Oralman (Kazakh: Оралмандар, Russian: Оралманы), or "returnee" is an official term used by Kazakhstani authorities to describe ethnic Kazakhs who have immigrated to Kazakhstan since its independence in 1991. Oralman usually come from the neighbouring countries of China, Mongolia, Uzbekistan, Russia, Kyrgyzstan and also from countries with notable Kazakh minorities: Iran (Iranian Kazakhs), Afghanistan, and Pakistan.
Oralman typically settle in areas of Kazakhstan adjoining or near to their former homes, for reasons of climate and convenience; thus returnees from Uzbekistan and Kyrgyzstan are often found in the country's south, while those from China and Mongolia are concentrated in the east. The government prefers to settle them in the north of the country, and offers them more benefits; however, returnees themselves prefer regions where the Russian language is less important in every day life, particularly in the south.
See also 
- Kueppers, Alfred (2004-04-22), "Ethnic Kazakhs Find Titular Homeland to be Economic Haven", Eurasianet.org, retrieved 2007-09-19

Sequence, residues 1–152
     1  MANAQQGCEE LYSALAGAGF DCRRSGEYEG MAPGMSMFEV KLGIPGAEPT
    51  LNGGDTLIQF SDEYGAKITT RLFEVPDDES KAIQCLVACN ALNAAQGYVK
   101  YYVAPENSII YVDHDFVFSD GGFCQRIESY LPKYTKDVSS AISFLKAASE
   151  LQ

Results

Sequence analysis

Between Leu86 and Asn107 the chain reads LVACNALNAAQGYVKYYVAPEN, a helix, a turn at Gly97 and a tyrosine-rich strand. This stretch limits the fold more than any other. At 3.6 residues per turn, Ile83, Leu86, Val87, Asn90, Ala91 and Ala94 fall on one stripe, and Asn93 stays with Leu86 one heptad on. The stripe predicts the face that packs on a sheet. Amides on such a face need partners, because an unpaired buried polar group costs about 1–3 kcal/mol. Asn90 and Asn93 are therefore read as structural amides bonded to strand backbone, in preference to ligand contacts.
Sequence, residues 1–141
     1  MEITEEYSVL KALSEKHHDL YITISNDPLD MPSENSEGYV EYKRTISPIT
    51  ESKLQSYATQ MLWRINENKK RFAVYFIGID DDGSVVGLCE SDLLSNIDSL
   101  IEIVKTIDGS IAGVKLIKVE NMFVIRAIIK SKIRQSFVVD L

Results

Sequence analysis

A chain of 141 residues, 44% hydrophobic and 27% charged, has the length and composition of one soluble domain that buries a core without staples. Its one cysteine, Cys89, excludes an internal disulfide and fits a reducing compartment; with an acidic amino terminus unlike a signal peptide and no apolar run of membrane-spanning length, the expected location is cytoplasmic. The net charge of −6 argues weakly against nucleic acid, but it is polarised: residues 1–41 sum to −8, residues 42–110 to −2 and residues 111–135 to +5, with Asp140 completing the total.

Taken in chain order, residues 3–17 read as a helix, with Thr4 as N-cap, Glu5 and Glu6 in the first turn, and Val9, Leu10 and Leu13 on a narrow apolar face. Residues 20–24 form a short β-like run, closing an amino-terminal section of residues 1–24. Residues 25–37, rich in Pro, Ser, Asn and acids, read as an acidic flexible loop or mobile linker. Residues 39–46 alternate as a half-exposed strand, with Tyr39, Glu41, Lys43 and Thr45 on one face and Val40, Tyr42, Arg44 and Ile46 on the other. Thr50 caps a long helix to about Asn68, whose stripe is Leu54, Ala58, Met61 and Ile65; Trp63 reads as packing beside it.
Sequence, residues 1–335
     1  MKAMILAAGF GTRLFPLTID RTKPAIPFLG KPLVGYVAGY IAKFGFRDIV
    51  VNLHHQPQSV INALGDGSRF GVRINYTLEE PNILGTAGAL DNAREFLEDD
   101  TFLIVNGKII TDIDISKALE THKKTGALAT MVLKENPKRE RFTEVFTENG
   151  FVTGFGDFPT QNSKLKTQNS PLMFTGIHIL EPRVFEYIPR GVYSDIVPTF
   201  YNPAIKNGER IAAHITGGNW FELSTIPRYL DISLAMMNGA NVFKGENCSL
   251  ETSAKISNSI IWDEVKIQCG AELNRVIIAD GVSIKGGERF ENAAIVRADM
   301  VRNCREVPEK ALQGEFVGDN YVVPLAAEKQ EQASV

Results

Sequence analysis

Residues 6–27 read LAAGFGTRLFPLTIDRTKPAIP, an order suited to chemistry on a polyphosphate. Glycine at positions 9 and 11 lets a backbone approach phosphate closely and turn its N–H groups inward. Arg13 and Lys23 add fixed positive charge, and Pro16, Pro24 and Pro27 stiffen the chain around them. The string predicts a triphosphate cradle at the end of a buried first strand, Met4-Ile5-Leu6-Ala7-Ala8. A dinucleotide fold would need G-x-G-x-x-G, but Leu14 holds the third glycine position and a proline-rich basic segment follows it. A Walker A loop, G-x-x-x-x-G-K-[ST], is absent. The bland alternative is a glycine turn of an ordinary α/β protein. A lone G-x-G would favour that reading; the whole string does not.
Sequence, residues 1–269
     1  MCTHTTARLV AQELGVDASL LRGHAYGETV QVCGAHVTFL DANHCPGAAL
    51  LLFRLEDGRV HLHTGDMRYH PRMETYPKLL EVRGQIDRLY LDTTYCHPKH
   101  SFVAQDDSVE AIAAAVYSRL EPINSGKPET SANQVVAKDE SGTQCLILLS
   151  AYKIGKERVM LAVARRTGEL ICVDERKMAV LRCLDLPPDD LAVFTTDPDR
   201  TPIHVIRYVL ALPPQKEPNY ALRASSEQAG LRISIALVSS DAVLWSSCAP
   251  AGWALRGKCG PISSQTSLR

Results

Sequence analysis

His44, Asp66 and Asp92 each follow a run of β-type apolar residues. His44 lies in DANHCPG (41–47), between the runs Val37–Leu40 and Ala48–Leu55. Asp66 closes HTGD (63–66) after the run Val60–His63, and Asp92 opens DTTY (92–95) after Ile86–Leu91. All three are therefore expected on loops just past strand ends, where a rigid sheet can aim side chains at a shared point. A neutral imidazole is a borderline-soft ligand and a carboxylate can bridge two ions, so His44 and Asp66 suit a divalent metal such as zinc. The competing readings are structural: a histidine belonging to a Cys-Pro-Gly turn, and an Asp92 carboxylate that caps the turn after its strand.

- Tan, Vivian (2007-08-09), "After generations away, Kazakhs come home to an independent country", Reuters Alertnet, retrieved 2007-09-19
- "Special report on ethnic Kazakhs and the struggle to return - Continued", Reuters Alertnet, 2003-09-03, retrieved 2010-06-08
- UNDP 2006, p. 23
- Laruelle & Peyrouse 2009, pp. 116–117
- Laruelle, Marlène; Peyrouse, Sebastien (2009), "Cross-border Minorities as Cultural and Economic Mediators between China and Central Asia", China and Eurasia Forum Quarterly 7 (1): 29–46, ISSN 1653-4212, retrieved 2009-04-17
- Status of Oralmans in Kazakhstan, Almaty: International Organization for Migration/United Nations Development Programme, 2006
Further reading 
- Diener, Alexander C. (2005), "Problematic Integration of Mongolian-Kazakh Return Migrants in Kazakhstan", Eurasian Geography and Economics 46 (6): 465–478, doi:10.2747/1538-7188.8.131.525
- Diener, Alexander C. (2009), One Homeland or Two?: The Nationalization and Transnationalization of Mongolia's Kazakhs, Stanford University Press, ISBN 978-0-8047-6191-8